By Lydia Joe (UCLA, 2020)
From 2012 to 2016, Stephen Acabado, associate professor of Anthropology at UCLA, and his team developed the Ifugao Archeological Project (IAP) as a collaborative research program to study the Old Kiyyangan Village, the site of the first Ifugao village settlement in the Philippines. Their research led to the development of The Old Kiyyangan Story, a 14-minute anthropological film based on oral histories and archaeological excavation at the site. At the premiere of the animated short film at UCLA on January 31, 2020, Acabado and an IAP team researcher, Madeleine Yakal, a PhD student in Anthropology at UCLA, discussed the inspiration behind creating this film.
Dating the Ifugao rice terraces
In history textbooks in the Philippines, the Ifugao rice terraces are thought to have been built 2,000 years ago, a belief widespread among Ifugao communities. However, Acabado clarified that the research conducted by IAP demonstrated that the Ifugao rice terraces were at most 400 years old, suggesting that the Ifugao people adopted wet-rice agriculture during a period of intensifying Spanish colonization. By accurately dating the rice terraces through scientific evidence, the IAP was able to show that the Ifugao took to the mountains at that time and solidified their social and political organization to adopt wet-rice cultivation as a strategy of resistance to colonialism.
Both Acabado and Yakal stressed that an important aspect of this project is the focus on community archaeology. Involving descendant Ifugao communities allowed members of the local community to actively participate in the research process and share in the discoveries. Yakal recalled that her engagement with the locals was the highlight of her experience in Ifugao. She returned back to Ifugao each year of the project.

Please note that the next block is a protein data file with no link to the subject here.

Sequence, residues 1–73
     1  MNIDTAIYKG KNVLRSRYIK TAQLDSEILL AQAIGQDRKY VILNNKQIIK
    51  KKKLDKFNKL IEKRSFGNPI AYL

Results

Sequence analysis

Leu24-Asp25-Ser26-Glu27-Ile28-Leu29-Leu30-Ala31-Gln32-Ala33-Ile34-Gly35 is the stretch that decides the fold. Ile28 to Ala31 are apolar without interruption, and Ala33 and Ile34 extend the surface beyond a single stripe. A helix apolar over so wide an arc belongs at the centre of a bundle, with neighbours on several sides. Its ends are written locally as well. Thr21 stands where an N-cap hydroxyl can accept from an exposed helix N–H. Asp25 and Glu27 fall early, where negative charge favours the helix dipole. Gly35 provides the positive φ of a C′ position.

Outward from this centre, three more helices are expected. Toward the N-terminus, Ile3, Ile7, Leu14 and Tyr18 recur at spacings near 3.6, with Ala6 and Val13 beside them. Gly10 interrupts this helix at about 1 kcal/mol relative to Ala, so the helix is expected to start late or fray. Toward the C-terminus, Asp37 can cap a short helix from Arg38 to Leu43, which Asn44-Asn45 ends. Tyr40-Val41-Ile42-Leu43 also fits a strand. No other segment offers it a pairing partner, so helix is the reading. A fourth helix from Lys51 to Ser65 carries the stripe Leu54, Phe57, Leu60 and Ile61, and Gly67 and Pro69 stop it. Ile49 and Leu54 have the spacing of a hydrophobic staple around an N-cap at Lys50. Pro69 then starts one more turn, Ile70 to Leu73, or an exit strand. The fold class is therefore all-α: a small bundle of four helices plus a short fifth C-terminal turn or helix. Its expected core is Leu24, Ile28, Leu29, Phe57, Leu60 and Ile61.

Rewriting local history
The Old Kiyyangan Story intertwined oral traditions with archaeological details and vivid graphics. The film follows the valiant journey of a young boy and his family from Old Kiyyangan Village escaping Spanish colonizers and taking refuge in the highlands. The feature highlights prominent aspects of Ifugao village life and values, such as the strength of family and community, the training of warriors and hunters, the significant role of women in village leadership, and the use of rituals in raising livestock and wet rice agriculture. The film was produced through a National Geographic Society Grant.
The need for such a film stemmed from the fact that the primary and secondary school curriculum for history in the Philippines has not been updated in the last 100 years, Acabado said. However, there has been a recent push to teach and emphasize local history at the primary and secondary education levels in the country. In line with this shift, Acabado aimed to make this film to accurately document Ifugao history in order to reeducate and empower the youth and redefine Ifugao identity.
The Old Kiyyangan Story is part of the educational materials being developed for Ifugao heritage education by the Ifugao Archaeological Project and the Save the Ifugao Terraces Movement, Inc. IAP collaborated with local teachers through 25 workshops to finalize the idea for an animated video as a classroom tool to present accurate local history to Ifugao middle and high schoolers. The creative process took about one year of development and production and was directed and animated by Armando Burgos, based in Singapore. Acabado served as a co-screenwriter for the film and his team helped with 3-D reconstruction renderings of the landscape.
At the film screening, Professor Willeke Z. Wendrich, Director of Cotsen Institute of Archaeology at UCLA, congratulated the Ifugao Archeaological Project on producing the film. Deputy Consul General Ambrosio Brian F. Enciso represented the Philippine Consulate General in LA to thank IAP for their contributions to supporting Ifugao history and identity. Members of the Ifugao community across California voiced their support, appreciation, and gratitude for the film and project as a whole.